Figure 2
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Fig. 2. Reduced DNA content and diminished CRT exposure in initially hyperploid cancers grown on immunocompetent mice. (A) Reduction in the nuclear diameter of immunoselected hyperploid cancer cells, as determined by hematoxylin and eosin staining of CT26 tumors growing in Rag {gamma} and BALB/c mice. (B) Chromosome numbers of hyperploid CT26 cells immunoselected (in BALB/c mice) or grown in vivo without immunoselection (in Rag {gamma} mice). (C) DNA loss in immunoselected hyperploids. CT26 hyperploids were immunoselected or grown without immunoselection [as in (A) and (B)], and the DNA content of isolated cancer cells was determined by cytofluorometry. The mean ploidy of the G0/G1 peak was determined for multiple tumors. (D to G) Immune response effect on CRT exposure. Hyperploid clones were either cultured in vitro (1), grown in vivo without immunoselection (in Rag {gamma} mice) (2), or sequentially transferred into immunocompetent mice for immunoselection (3 to 5) (D), recovered and then subjected to the determination of ploidy (E), CRT exposure (F), or the phosphorylation of PERK and eIF2α, normalized to controls (G). In (G), representative results and quantitative data (obtained by densitometry on multiple tumors) are shown. One-tailed Student’s t test was used for statistical comparisons. Error bars indicate SEM. *P < 0.05, **P < 0.01, as compared to tumors untreated Rag {gamma} mice (A), parental (P) CT26 cells cultured in vitro [(B), (C), (E), (F)], or hyperploid CT26 cells cultured in vitro (G).

 

Figure 3
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Fig. 3. Immunoselection against hyperploidy and eIF2α phosphorylation. (A to D) Nuclear diameter and eIF2α phosphorylation in methylcholanthrene-induced fibrosarcomas (A and B), Eμ-myc–driven B cell lymphomas (C), or medroxyprogesterone acetate–induced mammary carcinomas (D) from immunodeficient (Rag {gamma}, Stat1–/– or Dnam1–/–) versus immunocompetent mice. (E) Immunoselection in human mammary adenocarcinomas treated with neo-adjuvant chemotherapy. Tumor specimens obtained by surgery from 18 responders and 42 nonresponders before (pre) and after (post) treatment were stained to determine nuclear diameter, ratio of the number of tumor-infiltrating CD8+ to FOXP3+ lymphocytes, and eIF2α phosphorylation. One-tailed Student’s t test was used for statistical comparisons. Error bars indicate SEM. *P < 0.05, **P < 0.01, compared to tumor cells with the same nuclear diameter obtained from immunocompetent mice (A to D) or pretreatment (E). #P < 0.05, ##P < 0.01, compared to cells from immunodeficient mice with nuclear diameter < 9 μm (A), or to responders (E). {dagger}P < 0.05, compared to cells with a nuclear diameter < 10 μm from nonresponders (E). A.U., arbitrary units.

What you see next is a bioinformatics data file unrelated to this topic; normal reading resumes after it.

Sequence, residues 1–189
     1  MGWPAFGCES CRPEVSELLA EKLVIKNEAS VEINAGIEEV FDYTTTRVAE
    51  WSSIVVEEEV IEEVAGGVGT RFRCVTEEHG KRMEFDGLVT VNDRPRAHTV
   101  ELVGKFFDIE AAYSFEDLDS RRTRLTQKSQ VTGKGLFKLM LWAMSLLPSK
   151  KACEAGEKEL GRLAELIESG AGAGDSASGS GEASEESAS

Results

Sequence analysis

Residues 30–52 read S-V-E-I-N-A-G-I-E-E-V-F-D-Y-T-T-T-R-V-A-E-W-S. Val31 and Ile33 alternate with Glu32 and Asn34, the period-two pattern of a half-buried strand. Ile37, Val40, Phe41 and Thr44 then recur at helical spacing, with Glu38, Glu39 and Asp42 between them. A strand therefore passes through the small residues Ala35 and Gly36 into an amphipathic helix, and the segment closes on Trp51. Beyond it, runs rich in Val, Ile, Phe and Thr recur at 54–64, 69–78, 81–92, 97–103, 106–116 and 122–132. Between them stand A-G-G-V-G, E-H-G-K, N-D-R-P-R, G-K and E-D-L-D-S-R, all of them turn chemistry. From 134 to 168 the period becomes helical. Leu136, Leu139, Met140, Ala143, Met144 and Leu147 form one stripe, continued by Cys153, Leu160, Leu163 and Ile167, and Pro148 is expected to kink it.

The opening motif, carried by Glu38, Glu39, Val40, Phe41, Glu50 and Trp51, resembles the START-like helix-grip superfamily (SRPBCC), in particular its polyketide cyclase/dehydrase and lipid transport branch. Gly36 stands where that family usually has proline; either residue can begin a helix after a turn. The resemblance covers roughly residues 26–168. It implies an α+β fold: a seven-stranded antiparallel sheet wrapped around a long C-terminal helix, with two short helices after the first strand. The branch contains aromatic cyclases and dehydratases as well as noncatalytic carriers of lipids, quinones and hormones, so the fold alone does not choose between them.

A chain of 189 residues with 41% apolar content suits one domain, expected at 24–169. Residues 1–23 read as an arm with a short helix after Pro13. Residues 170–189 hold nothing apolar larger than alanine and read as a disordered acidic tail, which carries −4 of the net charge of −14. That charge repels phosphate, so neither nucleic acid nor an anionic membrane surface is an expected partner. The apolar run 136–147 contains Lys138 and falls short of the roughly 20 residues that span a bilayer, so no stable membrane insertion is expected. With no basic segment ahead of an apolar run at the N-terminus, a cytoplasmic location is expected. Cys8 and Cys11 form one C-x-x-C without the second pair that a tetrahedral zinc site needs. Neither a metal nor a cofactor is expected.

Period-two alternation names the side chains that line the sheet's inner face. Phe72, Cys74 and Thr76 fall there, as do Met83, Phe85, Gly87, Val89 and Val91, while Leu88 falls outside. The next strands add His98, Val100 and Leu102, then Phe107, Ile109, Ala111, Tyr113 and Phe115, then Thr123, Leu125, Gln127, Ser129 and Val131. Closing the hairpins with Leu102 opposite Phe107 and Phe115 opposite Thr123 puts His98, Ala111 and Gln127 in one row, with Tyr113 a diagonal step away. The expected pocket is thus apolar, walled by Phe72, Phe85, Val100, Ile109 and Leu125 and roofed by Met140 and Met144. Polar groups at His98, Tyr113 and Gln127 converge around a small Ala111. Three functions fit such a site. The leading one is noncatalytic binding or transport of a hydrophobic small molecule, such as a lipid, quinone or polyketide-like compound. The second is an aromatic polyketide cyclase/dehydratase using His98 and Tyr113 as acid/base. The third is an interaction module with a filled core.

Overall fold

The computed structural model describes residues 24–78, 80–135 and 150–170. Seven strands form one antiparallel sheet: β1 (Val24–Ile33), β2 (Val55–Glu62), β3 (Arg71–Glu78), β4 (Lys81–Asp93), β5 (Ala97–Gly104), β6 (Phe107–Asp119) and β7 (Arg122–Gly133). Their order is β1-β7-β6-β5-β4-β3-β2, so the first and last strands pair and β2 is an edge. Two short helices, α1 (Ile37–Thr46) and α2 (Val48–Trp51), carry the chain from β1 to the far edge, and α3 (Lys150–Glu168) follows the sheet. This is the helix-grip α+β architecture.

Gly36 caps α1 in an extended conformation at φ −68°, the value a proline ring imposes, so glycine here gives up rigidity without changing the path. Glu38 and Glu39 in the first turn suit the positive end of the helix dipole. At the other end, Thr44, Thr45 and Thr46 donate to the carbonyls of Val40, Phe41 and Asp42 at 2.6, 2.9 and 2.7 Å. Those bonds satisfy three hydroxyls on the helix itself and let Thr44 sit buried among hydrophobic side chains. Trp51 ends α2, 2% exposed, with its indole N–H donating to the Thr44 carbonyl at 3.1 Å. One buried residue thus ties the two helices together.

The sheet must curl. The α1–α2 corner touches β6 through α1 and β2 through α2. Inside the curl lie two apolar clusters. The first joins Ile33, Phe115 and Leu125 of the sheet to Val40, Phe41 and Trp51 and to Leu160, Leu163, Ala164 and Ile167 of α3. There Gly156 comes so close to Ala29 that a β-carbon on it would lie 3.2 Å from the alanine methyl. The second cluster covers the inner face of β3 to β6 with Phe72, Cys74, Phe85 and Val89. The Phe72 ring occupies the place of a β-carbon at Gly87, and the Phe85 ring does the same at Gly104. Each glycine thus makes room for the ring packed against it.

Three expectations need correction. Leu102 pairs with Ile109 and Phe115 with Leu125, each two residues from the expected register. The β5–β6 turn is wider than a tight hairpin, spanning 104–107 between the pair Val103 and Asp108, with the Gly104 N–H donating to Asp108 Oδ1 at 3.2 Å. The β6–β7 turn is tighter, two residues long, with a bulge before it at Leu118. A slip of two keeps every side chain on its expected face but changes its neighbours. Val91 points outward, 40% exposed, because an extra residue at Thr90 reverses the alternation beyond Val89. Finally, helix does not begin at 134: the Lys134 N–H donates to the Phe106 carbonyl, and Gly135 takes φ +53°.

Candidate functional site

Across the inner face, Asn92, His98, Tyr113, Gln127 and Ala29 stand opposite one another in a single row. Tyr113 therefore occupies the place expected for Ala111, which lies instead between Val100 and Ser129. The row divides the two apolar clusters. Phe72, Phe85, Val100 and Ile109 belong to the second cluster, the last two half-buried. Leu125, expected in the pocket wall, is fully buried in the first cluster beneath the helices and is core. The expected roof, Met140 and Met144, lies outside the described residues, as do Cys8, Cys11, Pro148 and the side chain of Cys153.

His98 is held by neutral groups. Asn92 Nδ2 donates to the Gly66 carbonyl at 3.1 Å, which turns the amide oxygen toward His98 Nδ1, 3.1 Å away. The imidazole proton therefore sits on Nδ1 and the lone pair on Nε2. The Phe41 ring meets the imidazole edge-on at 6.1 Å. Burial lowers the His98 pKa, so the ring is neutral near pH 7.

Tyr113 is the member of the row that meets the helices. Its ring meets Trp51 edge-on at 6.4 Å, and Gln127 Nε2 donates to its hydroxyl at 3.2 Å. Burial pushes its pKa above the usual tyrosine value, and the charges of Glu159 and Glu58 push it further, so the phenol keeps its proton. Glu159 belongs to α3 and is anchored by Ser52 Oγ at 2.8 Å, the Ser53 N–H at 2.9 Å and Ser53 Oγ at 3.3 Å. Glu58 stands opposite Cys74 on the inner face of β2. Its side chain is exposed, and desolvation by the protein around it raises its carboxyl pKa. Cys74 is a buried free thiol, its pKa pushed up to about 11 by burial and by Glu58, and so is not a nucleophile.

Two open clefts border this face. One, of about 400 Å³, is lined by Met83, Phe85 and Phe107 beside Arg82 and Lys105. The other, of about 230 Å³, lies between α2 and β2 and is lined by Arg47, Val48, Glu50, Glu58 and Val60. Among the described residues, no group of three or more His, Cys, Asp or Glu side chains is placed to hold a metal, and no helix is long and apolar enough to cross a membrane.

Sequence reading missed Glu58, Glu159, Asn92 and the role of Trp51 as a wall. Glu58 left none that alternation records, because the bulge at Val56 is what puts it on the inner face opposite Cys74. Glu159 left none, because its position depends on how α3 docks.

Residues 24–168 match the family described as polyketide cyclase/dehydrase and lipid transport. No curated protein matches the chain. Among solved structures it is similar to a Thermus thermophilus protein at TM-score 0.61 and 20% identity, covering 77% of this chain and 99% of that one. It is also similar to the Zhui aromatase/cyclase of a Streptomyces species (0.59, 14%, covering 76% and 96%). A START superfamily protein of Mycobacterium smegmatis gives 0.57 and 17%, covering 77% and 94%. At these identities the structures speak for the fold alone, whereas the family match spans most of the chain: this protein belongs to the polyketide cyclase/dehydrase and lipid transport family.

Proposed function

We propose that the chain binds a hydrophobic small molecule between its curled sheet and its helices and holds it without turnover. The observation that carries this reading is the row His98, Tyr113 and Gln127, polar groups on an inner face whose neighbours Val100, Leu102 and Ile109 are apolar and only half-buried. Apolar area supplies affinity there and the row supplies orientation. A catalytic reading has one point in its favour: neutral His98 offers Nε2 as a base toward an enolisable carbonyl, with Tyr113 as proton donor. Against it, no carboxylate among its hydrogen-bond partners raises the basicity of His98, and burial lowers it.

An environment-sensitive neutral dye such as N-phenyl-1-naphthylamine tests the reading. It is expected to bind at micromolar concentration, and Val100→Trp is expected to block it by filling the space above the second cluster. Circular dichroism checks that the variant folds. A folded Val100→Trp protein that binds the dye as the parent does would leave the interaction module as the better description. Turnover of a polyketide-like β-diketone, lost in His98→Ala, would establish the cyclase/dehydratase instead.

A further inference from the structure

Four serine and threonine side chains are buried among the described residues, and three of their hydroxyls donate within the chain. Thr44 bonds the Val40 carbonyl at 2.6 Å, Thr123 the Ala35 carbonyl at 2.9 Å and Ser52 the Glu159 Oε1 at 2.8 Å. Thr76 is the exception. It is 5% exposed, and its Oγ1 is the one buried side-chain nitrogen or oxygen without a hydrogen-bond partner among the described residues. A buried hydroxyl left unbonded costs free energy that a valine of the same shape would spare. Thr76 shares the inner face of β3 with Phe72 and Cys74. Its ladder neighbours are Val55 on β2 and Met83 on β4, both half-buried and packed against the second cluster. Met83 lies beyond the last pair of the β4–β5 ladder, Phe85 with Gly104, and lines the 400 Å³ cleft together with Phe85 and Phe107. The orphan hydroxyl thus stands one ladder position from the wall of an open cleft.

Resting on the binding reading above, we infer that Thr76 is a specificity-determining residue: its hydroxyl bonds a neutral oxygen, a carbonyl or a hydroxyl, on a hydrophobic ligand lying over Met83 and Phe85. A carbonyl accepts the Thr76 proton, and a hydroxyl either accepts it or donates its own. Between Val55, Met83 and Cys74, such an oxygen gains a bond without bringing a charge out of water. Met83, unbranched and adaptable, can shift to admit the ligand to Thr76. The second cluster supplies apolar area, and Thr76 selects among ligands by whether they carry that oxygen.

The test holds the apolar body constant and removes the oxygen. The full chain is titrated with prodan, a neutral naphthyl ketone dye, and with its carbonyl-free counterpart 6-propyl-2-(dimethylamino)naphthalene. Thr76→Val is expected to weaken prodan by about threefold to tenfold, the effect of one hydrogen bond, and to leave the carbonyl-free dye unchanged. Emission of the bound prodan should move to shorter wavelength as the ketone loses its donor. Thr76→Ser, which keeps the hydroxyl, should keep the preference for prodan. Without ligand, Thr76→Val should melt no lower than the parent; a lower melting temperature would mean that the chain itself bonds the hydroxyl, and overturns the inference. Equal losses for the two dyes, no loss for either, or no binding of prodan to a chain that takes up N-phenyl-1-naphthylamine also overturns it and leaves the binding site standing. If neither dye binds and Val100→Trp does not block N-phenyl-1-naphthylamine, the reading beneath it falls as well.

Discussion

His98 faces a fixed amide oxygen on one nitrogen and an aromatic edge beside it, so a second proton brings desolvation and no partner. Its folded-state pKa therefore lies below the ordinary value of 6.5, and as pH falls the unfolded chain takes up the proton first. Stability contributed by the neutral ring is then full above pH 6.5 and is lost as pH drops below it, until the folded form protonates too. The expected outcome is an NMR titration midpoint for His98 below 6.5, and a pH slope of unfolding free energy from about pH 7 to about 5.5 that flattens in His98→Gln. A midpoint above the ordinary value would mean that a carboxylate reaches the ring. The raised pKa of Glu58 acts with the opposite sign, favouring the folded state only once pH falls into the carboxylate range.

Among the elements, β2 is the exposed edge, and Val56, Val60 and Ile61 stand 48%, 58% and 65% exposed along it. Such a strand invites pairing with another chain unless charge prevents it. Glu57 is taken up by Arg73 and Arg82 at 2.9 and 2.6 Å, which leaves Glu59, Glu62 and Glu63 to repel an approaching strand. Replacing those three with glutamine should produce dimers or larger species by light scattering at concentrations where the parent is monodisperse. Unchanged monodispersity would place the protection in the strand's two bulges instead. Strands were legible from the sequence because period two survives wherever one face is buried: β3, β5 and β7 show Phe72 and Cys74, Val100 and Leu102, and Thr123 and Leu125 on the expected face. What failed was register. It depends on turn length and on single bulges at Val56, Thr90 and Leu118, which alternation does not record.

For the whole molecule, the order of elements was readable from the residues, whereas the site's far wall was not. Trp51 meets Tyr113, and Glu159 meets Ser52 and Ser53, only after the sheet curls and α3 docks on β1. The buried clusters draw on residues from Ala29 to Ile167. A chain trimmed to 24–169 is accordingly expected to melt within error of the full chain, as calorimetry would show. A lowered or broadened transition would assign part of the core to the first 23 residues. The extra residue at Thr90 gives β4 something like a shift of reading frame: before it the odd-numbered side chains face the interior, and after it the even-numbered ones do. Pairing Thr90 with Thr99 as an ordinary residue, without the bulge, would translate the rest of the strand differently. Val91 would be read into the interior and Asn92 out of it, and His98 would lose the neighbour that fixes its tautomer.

Figure 4
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Fig. 4. Ecto-CRT underlies the immunogenicity of hyperploid cancer cells. (A to D) Immunosurveillance and immunoselection mechanisms activated by membrane-bound CRT on CT26 cells. Parental (P) CT26 cells were transduced with a construct encoding mCRT or vector only and subjected to immunostaining for the quantification of externalized CRT or MHC class I molecules (A). Alternatively, mCRT-expressing P cells were injected into Rag {gamma} or BALB/c mice, followed by monitoring of tumor growth and incidence (B). Ecto-CRT was measured by immunostaining on recovered cancer cells (C). (D) Tumor growth and incidence of mCRT-expressing P cells sequentially injected into Rag {gamma} (1) or BALB/c (2 and 3) mice. (E) Restoration of immunosurveillance on immunoselected (IS) hyperploid (H) cells by mCRT. H clones were injected into BALB/c mice for immunoselection (1). Then, tumor cells were recovered, transduced with a mCRT-encoding construct (3) or the empty vector (2), analyzed for CRT exposure, and re-injected into BALB/c mice, followed by monitoring of tumor growth and incidence. Experiments were performed three times, yielding comparable results. One-tailed Student’s t tests were used for statistical comparisons of in vitro data. Tumor growth and incidence (the latter being illustrated with Kaplan-Meier curves) were compared by one-tailed Student’s t and log rank tests, respectively. Error bars indicate SEM. *P < 0.05; **P < 0.01; n.s., nonsignificant compared with P CT26 cells [(A) to (C)], mCRT-expressing cells (D), or H cells (E) growing for the first time in BALB/c mice. ##P < 0.01, compared with mCRT-expressing CT26 cells grown in vitro (C) or P CT26 cells (E). {dagger}{dagger}P < 0.01, compared with mCRT-expressing CT26 cells grown in Rag {gamma} mice (C).